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FANTASIA (Italian for "fantasy," a causing to be seen, from Greek, 'to show'), a name in music sometimes loosely used for a composition which has little structural form, and appears to be an improvization; and also for a combination or medley of familiar airs connected together with original passages of more or less brilliance. The word, however, was originally applied to more formal compositions, based on the madrigal, for several instruments. Fantasias appear as distinct compositions in Bach's works, and also joined to a fugue, as in the "Great Fantasia and Fugue" in A minor, and the "Fantasia cromatica" in D minor. Brahms used the name for his shorter piano pieces. It is also applied to orchestral compositions "not long enough to be called symphonic poems and not formal enough to be called overtures" (Sir C. Hubert Parry, in Grove's Dictionary of Music, ed. 1906). The Italian word is still used in Tunis, Algeria and Morocco, with the meaning of "showing off," for an acrobatic exhibition of horsemanship by the Arabs. The riders fire their guns, throw them and their lances into the air, and catch them again, standing or kneeling in the saddle, all at a full gallop.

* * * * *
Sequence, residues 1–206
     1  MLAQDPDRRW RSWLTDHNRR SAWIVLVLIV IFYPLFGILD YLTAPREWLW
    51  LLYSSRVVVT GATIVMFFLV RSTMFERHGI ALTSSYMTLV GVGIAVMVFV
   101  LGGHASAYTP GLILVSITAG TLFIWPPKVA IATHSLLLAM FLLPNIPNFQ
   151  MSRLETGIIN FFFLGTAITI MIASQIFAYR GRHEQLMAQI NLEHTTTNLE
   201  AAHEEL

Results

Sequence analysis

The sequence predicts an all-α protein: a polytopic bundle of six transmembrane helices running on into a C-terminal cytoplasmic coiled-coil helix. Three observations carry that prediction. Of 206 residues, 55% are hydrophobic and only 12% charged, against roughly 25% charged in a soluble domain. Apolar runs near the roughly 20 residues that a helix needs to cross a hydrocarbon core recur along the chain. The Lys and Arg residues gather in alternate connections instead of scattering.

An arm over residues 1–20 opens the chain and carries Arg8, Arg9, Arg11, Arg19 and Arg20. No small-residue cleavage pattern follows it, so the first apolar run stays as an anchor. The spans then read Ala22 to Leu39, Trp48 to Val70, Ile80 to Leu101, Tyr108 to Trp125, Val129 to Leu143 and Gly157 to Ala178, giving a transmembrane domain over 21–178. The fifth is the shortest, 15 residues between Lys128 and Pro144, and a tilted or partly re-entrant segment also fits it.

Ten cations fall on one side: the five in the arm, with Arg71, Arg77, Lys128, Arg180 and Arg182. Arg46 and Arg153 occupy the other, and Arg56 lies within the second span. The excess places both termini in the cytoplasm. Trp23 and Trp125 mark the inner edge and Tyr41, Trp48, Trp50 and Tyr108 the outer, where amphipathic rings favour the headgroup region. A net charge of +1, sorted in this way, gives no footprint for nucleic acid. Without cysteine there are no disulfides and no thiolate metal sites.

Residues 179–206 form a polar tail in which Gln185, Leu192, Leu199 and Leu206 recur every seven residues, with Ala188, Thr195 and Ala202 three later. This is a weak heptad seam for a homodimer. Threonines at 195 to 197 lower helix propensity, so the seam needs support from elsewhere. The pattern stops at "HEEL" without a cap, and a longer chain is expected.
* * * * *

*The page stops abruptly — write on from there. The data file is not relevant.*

Note - this article incorporates content from Encyclopaedia Britannica, Eleventh Edition, (1910-1911)

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